High in salt and sugar and full of nasty, cheap ingredients, Damien Lee knew the instant noodles he loved and craved were a no-go area as he recovered from cancer. But with the noodle market growing 6% to 8% per year, he felt there was an opportunity to change the winning formula. The result was Mr Lee’s Noodles, a range of gluten-free gourmet noodles which launched in Q4 2016.
While its HQ is in Bournemouth, Aussie expat Lee focused on exports, particularly Australia and the Pacific. He initially identified trains and planes as the target market, but Mr Lee has since won listings in traditional retail outlets including Coles, Musgraves and Franprix, as well as developing an automated ‘Noodle Kiosk’ vending machine. Growth has been impressive: it’s on track to treble sales to £3.5m in 2019 based on current run rates, and has attracted investment from the likes of Coffee Nation founder Martyn Dawes.
Employer of the Year
Belazu Ingredient Company
Weetabix Food Company
Winner: Belazu Ingredient Company
Fast growth and adrenaline can only get you so far. Once you reach scale, the wheels can easily come off if you don’t have well-oiled HR practices in place. That was the challenge Belazu was facing as the business – set up in 1991 by old school friends George Bennell and Adam Wells but now employing 159 people from 29 different nations – has developed and matured.
The Mediterranean ingredient supplier sells a wide range of artisan olives, antipasti, pesto and more to 1,800 customers but while the founders didn’t want to lose the intimacy and familial culture, it was also worried about employee engagement.
What impressed our judges so much was the rigour with which Belazu delved into a solution. Initiatives have led to a formalised CSR programme in which all staff, from all departments, can get involved. That includes volunteering during work hours under the umbrella of The Belazu Foundation, in projects as wide-ranging as holiday hunger and providing school students with tours of the business.
Belazu also developed its own training programme to empower staff to progress and created a route to share ideas with senior leadership. Staff were also given a greater voice via the creation of dedicated committees, with opportunities to socialise built into the business too.
The result was an increase of 22% in those staff that felt positively engaged in their role, and a 34% growth in sales the same year – a “brilliant achievement” said the judges. Improved engagement also led to a 12% rise in profit per head, “impressive” and “tangible” proof that putting your people first pays off.
Britain’s Favourite Supermarket
Marks and Spencer
This year marks a milestone for Tesco. The grocer is celebrating 100 years since founder Jack Cohen opened the doors to its first store in Edgeware, an anniversary flagged up with all the timelines and nostalgic marketing you would expect, not to mention a range of ‘Centenary deals’ in stores and special prices for Clubcard customers, under the ‘100 years of great value’ strapline.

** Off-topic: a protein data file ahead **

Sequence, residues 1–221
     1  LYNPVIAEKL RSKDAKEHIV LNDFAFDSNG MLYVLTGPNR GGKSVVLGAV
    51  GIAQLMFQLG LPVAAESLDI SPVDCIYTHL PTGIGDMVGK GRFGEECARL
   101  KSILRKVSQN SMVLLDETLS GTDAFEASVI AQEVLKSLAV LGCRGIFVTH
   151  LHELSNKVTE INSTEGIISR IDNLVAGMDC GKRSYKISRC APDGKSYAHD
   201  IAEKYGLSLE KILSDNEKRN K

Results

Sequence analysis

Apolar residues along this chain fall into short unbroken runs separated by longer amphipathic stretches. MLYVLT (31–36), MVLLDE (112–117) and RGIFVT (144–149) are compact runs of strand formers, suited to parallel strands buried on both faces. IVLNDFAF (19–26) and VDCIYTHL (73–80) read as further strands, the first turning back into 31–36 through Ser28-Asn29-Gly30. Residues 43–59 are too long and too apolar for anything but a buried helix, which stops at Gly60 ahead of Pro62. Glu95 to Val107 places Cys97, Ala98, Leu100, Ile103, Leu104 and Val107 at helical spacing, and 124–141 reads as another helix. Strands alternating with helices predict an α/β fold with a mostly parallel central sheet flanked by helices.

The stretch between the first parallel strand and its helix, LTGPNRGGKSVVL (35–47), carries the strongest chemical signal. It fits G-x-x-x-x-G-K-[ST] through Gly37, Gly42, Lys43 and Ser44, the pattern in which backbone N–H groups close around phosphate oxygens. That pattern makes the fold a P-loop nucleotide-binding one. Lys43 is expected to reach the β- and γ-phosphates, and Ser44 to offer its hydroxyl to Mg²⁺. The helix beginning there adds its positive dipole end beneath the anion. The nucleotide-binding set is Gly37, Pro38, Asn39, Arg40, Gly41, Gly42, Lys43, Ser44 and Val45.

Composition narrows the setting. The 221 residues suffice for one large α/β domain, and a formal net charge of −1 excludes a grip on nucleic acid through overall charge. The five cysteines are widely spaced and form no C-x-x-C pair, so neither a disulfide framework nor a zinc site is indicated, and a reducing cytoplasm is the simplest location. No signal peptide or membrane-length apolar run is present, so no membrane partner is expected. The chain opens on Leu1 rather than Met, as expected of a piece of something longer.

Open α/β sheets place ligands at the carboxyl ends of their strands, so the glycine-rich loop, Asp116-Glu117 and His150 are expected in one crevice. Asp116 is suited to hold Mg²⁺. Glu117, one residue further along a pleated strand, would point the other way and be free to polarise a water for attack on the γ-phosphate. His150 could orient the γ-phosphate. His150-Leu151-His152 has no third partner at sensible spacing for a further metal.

Doing so is a sign of just how fiercely competitive grocery remains, a fact that makes Tesco’s fifth consecutive win as Britain’s Favourite Supermarket all the more impressive.
Sixty-five per cent of the 6,642 statistically weighted households surveyed by Nielsen said they would ‘definitely’ shop at Tesco, with the grocer scoring top overall as well as for six of the 10 criteria on which the competition is judged, including promotions, shopping experience and availability. It was also top in four of the nine categories, including vegan/vegetarian and free-from.
But the data also shows rivals are snapping at Tesco’s heels. Aldi, in particular, proved the scale of its appeal with 63% of shoppers saying they would ‘definitely’ opt for the discounter, voting it the most improved retailer and scoring it top for price – a category in which Tesco couldn’t even scrape into the top three.
What’s more, the winning retailer struggled in those crucial categories in which grocers can differentiate their offer, namely quality, provenance and ethics.
So huge congratulations to Tesco for taking home the title once again. But though it might be turning the grand old age of 100, now is certainly not the time to slow down.
Independent Retail Chain of the Year
McBride Retail Group
Cook believes shops which have an authentic connection with the community will prevail. Its claim is not unsubstantiated. Analysis of 15 of its stores more actively involved with the local community found they outperformed the rest of the company’s estate by 5%.
Spurred on by this research, Cook launched its Community Retail strategy, which has been driven by two big initiatives in the past 12 months: the Cook Community Kitchen and the Care card. The Community Kitchen offers local groups running an event for 20-plus people a 30% discount. The Care card is designed for customers going through a difficult period, offering them a 30% discount.
Since launching its strategy, Cook has seen a 3% rise in like-for-like sales, but its initiative goes beyond profits. Our judges praised this entry for genuinely caring about local communities.
Wholesaler of the Year
Winner: Bestway Wholesale
Bestway Wholesale is the second-largest independent wholesaler in the UK, generating sales of £2.08bn in the 2018 financial year.